I done wrote me some words on dead trees!
Yeah. So. I’m not not gonna lie. Today is a pretty big fucking deal for me. Huge AF. And it’s all happening in the middle of a gigantic, unending move and a kid starting high school and somehow we shoved a summer’s worth of missed piano lessons into a two-inch corner of time. My dad has been in and out of the hospital for over a month, and even though I know where all the passports are we lost one of Marlo’s stuffed puppies and I have at various points over the last four weeks wanted to give up and fall over. But I haven’t. And today sort of reaffirms why I haven’t.
I haven’t because I’m better. I haven’t because I’m happy. And I’m happy because of science.
Today my book The Valedictorian of Being Dead: The True Story of Dying Ten Times to Live is available for pre-order. And the cover is finally live. Many thanks to Chad Kirkland once again for his amazing work. And to Dr. Brian Mickey for saving my life.
You can pre-order it at all these places:
The book doesn’t drop until April 23, 2019. I know that seems a bit far off but the final edits are due this week—I can’t tell you how fun it is to try to finish a book while shoving piano lessons into my jowls and moving 1300 square feet of furniture in my car. So fun. Like a goddamn flying unicorn that shits glitter and retweets the President. On purpose.
But we want to get this right. I want to get it right for those who would benefit most from reading it. Yes, I wrote it for those of us who have suffered bouts of debilitating depression, bouts that have interfered with our ability to live life. But I also wrote it for those who live with us, those who are related to us, those who are our friends and don’t understand how or why we can’t just snap out of it. I wrote it for the children who have been living with the idea that it is or was all their fault so that they might be able to let that go. It is and was not their fault.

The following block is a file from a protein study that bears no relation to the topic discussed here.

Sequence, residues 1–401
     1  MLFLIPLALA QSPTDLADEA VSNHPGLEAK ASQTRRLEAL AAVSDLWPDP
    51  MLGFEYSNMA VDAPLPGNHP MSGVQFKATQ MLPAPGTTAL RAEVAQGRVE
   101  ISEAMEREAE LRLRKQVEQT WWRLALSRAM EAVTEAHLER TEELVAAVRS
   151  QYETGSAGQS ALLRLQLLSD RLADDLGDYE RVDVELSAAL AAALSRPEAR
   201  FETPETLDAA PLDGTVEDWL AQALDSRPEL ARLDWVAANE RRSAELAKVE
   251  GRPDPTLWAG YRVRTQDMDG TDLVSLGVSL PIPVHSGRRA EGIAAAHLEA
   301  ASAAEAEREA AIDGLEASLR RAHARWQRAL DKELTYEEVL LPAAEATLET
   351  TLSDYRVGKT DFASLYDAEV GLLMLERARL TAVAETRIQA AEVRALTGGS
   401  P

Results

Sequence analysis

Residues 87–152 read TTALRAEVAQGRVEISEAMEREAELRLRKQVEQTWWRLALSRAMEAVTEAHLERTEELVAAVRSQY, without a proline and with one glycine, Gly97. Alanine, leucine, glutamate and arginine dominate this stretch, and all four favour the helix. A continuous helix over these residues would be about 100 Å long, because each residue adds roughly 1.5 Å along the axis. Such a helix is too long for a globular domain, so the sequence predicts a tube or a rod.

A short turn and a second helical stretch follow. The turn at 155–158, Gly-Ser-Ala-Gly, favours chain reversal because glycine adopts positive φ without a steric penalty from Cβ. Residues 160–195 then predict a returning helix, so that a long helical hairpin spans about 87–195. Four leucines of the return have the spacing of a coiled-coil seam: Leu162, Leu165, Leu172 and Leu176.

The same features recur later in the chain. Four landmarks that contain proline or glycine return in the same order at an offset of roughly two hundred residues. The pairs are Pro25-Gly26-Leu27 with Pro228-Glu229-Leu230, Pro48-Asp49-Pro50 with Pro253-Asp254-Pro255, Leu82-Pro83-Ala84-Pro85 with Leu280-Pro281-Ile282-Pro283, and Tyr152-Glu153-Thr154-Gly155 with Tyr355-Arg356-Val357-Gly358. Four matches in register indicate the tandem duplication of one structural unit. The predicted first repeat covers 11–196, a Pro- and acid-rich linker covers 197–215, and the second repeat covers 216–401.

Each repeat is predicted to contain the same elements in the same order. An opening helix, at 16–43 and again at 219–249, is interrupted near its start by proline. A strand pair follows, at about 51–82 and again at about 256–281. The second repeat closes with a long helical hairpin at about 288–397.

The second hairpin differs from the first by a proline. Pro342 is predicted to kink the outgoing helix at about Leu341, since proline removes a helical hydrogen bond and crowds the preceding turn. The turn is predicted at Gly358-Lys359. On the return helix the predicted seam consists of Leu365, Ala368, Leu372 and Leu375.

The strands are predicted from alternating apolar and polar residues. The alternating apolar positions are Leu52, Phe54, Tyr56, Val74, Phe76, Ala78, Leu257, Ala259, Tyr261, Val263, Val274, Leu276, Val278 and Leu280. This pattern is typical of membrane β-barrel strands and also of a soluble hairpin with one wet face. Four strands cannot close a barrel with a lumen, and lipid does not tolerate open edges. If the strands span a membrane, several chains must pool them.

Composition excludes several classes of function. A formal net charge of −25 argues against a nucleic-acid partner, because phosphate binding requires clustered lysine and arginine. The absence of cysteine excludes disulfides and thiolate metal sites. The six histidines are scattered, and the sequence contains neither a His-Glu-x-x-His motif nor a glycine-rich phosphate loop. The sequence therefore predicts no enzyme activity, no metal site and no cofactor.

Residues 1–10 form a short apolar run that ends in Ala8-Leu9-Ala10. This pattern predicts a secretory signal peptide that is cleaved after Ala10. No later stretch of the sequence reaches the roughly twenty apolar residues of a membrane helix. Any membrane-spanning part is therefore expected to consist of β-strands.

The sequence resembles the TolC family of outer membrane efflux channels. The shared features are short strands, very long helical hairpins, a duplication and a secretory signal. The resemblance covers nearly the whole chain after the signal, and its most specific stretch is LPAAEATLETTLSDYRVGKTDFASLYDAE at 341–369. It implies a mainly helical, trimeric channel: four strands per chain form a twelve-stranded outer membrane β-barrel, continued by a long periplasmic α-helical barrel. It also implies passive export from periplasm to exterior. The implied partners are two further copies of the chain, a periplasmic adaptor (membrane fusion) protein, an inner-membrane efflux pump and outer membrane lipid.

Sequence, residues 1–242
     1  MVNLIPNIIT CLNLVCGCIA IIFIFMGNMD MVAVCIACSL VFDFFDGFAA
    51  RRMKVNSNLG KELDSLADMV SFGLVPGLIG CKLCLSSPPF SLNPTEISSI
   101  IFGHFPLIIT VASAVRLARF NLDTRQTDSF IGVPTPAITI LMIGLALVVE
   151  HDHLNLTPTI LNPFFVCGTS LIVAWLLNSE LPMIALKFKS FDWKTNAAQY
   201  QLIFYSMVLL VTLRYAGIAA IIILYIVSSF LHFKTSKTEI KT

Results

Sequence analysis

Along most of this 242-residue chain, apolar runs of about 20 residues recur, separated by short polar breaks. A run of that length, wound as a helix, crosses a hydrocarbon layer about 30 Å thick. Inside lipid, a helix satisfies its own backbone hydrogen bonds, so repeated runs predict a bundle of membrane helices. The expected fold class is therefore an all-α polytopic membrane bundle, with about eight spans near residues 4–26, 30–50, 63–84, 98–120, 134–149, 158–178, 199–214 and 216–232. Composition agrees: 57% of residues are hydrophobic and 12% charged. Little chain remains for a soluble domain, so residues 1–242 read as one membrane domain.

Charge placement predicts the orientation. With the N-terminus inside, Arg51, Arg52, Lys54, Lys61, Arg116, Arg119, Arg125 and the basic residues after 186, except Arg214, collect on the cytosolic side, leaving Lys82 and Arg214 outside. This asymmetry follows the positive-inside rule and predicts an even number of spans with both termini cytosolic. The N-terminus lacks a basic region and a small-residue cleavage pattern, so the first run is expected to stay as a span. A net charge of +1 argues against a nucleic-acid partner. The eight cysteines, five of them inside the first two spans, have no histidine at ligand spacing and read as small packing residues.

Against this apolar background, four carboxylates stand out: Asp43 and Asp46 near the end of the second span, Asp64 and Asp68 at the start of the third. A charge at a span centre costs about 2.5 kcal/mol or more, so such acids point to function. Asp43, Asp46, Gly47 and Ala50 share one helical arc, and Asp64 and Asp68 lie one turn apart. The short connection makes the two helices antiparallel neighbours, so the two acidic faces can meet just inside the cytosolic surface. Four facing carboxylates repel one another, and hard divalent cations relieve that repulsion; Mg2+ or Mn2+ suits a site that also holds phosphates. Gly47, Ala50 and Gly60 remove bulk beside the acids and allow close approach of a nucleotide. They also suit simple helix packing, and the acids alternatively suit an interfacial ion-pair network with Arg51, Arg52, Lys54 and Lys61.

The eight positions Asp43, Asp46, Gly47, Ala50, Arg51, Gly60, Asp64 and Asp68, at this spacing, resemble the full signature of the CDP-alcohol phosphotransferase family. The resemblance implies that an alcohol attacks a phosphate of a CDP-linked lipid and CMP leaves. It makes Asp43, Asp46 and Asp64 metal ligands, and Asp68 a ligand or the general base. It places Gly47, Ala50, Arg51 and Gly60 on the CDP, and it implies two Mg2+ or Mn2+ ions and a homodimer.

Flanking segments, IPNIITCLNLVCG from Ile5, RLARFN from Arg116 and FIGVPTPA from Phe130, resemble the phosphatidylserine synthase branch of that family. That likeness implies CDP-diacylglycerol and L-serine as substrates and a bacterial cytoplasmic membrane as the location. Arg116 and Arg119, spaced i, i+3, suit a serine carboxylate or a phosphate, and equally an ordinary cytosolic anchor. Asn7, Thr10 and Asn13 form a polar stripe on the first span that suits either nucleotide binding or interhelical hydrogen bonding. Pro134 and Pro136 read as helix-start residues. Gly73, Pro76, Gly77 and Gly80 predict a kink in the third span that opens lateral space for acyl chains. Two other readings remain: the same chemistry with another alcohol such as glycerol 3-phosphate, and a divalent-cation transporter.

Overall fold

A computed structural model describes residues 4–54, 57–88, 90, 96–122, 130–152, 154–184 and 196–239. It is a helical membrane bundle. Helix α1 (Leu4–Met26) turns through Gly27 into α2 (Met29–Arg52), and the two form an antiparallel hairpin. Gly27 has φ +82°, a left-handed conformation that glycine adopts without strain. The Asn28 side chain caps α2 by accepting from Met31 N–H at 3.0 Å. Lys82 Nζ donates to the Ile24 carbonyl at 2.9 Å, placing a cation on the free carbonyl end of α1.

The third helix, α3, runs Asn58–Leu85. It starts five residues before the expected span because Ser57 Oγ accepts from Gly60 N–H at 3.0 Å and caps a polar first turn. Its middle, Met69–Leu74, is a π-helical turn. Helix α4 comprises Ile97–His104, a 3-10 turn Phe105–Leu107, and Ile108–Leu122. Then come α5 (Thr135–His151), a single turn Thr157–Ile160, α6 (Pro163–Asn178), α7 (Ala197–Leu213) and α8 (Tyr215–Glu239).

It’s not your fault.
I have experienced tremendous satisfaction in my career as a… blogger? I have written three books before this one, and I told Leta to tell people that I’m a writer when people ask her what her mother does for a living. Because when you say, “Blogger!” people tend to ask a lot of probing questions that require complicated answers. I told Marlo to tell her friends that I’m a stripper and can pole dance like no one’s business. Anyone in Utah would follow that up with nothing other than thoughts and prayers.
But I can say without any doubt or hesitation that I have worked harder on this project, this book, than I have on anything else in my profession. And this is the most important work I have ever done. Nothing in this book appears on this website or anywhere else. I started it on a rainy morning in Paris last year—a morning following a ceaseless downpour that broke records. It rained more in one hour than it had ever rained in an hour in Paris since they had been keeping records. They had to close over a dozen metro stations because of flooding.
As inconvenient as that was for so many, I found it somewhat poetic given the subject matter of those first few pages.
And then I put the rest of my professional life on hold at the end of last year and the first half of this year to write the whole thing. There’s an author I follow on twitter who tweeted during those months that her answer to people who ask, “How’s writing the book going?” is, “First of all, fuck you.” And that’s it.
She couldn’t have summed it up better. You should follow her.
It’s been an epic fucking journey, all of it—the 18 months of crippling depression, the experimental treatment, the complete turnaround, the switch that got flipped, falling in love and writing it all down. I’m really proud of this work. And I am so happy that I lived to bring it to life.
Also, as I did with It Sucked and Then I Cried I plan to offer to sign your book with a personal inscription and a few little extra tokens of appreciation if you send it to me with a prepaid envelope.
Thank you, those of you who have stuck with me through all of this. You helped save my life, too.
And, finally, thank you Mom and Rob.